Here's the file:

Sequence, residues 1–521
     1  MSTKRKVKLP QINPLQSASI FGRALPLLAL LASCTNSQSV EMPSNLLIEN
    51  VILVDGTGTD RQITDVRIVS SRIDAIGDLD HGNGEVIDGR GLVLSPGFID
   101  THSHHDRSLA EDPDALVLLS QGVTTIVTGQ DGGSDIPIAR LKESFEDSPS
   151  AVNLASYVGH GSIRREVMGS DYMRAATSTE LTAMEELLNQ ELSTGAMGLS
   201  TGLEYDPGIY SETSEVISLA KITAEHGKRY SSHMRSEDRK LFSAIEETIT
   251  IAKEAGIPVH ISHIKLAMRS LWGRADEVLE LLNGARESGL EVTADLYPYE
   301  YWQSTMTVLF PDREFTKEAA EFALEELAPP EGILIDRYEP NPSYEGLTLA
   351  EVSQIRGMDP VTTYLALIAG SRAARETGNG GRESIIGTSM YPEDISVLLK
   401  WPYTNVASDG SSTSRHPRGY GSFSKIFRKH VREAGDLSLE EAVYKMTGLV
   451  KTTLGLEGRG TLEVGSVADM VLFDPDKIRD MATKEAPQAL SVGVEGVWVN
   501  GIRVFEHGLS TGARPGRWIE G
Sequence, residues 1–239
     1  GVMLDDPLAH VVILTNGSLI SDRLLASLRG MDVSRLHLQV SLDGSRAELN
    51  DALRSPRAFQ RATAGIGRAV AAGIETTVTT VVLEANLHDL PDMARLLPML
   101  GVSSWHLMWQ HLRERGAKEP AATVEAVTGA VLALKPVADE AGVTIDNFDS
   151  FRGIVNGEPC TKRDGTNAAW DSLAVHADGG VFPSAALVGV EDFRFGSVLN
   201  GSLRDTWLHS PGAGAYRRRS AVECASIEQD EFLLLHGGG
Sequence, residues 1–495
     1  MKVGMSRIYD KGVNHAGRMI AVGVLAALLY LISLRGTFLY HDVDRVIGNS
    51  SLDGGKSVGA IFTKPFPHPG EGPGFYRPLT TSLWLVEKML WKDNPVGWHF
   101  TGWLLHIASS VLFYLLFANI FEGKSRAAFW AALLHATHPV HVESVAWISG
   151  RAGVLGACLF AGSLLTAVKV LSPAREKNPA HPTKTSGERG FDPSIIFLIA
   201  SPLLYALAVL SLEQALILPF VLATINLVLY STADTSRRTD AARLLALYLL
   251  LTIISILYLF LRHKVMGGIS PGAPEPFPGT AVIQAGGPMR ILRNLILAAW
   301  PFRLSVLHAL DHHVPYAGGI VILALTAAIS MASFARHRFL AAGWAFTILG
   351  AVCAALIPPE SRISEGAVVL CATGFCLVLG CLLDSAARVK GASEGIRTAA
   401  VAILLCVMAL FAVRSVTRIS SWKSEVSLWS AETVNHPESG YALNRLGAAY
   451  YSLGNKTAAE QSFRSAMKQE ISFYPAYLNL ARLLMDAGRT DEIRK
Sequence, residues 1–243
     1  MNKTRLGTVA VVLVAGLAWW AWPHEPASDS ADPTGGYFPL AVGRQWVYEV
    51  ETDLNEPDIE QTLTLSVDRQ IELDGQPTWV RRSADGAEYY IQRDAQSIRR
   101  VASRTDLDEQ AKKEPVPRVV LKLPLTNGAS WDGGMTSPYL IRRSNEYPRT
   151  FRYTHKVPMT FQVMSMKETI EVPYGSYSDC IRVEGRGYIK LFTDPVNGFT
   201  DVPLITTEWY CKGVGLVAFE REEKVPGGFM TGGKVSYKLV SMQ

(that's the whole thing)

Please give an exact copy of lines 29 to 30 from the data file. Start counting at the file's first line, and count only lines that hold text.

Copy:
   451  YSLGNKTAAE QSFRSAMKQE ISFYPAYLNL ARLLMDAGRT DEIRK
Sequence, residues 1–243